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Israel has extended its Covid-19 vaccine passport system to children who aren’t yet eligible to be inoculated, allowing them to visit cinemas, restaurants and other entertainment businesses as it continues to reopen its economy.

Under the program, children with negative PCR tests will be eligible for a three-day so-called green passport that will be associated with their parents’ passes. The passports take the form of a QR code that can be carried on a smartphone, though their use isn’t always enforced.

Religious-affairs ministry officials had stipulated that only those carrying a green passport could attend a religious festival on Thursday at Mount Meron, where dozens of people were killed in a stampede, but health officials had said it would be impossible to check the status of those attending.

Organizers estimated that some 100,000 people were at the site by midnight.

The country of nine million has led the world’s fastest vaccination program, with nearly 75% of its eligible population fully vaccinated. But given a lack of clinical trial data for children, policy makers haven’t yet extended the campaign to those under 16, meaning about 2.6 million aren’t eligible to be vaccinated.

This has limited the extent to which Israel can reopen its economy without causing further outbreaks. Israel says its solution is a stopgap measure until medical trials demonstrate that children can be safely vaccinated against the virus.

Other countries with high vaccination rates, such as the U.S. and U.K., face similar problems. Herd immunity requires between 70% and 85% of a population being protected, health officials say, and this is impossible in countries like the U.S. and Israel if children aren’t vaccinated. Children under 16 account for 22% of the current U.S. population.

“We haven’t had any outbreaks from green-pass activity over the past eight or nine weeks," said Tomer Lotan, executive director of Israel’s coronavirus task force. “We are very confident that the green pass is a very effective defense layer on the economic activity in Israel."

Last month, Israel began offering rapid tests at sites such as hotels and sports stadiums, costing about $10 to $20, which allowed children with negative test results to enter. The expansion will include regular PCR tests that are much more accessible and are free for everybody.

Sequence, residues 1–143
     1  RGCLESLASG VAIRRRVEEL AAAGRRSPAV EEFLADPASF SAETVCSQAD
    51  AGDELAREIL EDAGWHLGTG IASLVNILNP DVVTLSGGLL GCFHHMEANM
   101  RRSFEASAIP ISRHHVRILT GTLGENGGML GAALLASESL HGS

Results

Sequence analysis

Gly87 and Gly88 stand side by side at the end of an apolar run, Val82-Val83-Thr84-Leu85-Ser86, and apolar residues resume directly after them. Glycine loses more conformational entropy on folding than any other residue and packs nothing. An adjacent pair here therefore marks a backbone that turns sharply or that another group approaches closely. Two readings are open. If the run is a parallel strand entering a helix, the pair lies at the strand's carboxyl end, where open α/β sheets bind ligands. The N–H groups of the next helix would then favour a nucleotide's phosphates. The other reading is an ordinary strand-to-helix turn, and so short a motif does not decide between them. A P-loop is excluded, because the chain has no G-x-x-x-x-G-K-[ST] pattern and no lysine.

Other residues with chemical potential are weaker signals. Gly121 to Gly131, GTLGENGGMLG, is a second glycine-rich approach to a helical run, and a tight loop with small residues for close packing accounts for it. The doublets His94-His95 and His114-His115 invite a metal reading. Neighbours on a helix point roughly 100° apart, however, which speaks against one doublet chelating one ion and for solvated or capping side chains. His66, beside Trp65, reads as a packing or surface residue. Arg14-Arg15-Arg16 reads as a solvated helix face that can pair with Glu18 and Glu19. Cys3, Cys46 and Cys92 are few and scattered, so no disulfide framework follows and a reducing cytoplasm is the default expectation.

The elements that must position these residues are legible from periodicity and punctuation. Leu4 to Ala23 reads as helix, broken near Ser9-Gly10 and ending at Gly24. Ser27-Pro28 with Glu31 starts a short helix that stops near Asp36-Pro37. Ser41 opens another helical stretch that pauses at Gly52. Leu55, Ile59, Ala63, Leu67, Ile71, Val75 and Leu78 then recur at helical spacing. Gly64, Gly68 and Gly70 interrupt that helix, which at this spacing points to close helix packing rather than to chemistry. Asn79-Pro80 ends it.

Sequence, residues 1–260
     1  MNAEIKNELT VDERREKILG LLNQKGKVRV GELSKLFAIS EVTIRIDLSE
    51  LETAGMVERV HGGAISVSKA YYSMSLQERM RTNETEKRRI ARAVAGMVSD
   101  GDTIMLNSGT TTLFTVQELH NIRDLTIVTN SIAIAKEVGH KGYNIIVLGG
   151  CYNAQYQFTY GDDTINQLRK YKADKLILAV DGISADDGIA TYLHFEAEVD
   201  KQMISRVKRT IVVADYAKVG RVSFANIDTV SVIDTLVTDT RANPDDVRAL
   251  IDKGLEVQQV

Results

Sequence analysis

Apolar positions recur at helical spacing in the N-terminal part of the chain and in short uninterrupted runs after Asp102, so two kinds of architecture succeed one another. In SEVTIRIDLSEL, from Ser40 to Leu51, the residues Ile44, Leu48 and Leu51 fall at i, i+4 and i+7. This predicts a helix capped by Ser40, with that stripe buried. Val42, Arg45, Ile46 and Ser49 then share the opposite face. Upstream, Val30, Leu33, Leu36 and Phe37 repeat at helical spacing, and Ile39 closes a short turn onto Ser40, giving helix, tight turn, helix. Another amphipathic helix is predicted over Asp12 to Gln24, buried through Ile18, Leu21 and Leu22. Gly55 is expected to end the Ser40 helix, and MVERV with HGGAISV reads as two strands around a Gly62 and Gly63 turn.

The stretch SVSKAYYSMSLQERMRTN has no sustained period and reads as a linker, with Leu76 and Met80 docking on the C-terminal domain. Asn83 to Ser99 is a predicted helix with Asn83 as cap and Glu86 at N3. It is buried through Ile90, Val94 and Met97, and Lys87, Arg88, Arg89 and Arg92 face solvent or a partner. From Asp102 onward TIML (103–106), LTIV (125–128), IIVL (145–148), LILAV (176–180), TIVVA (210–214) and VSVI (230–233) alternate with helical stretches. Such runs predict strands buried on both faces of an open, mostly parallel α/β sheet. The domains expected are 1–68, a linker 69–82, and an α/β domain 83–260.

Israeli health officials said they would begin to vaccinate children between the age of 12 and 16 when the vaccine is approved by Israeli and international regulators. Prime Minister Benjamin Netanyahu said in April that Israel signed new deals to buy millions of vaccines from Moderna Inc. and Pfizer Inc. to begin vaccinating children later this year and launch another vaccine campaign for adults.

So far, many businesses that largely cater to children such as cinemas and amusement parks remain closed. But officials hope the expanded green passports will allow them to reopen next week when additional restrictions are lifted, including the elimination of caps on the number of people frequenting venues using green passports, such as restaurants and stadiums that have been operating at reduced capacity.

Health officials in Israel say it remains an open question as to what role children play in spreading the coronavirus when the adult population is largely vaccinated.

Ran Balicer, chief innovation officer of Israel’s largest healthcare provider, Clalit, said that because the country was the first to introduce the mass vaccination of its adult population, it will be at the forefront of establishing what restrictions can be safely removed without sparking a resurgence of infections.

“We have to try to have a stepwise and gradual approach and are continuously measuring to make sure that we haven’t crossed this invisible threshold that we aren’t sure where it lies," he said.

This story has been published from a wire agency feed without modifications to the text.

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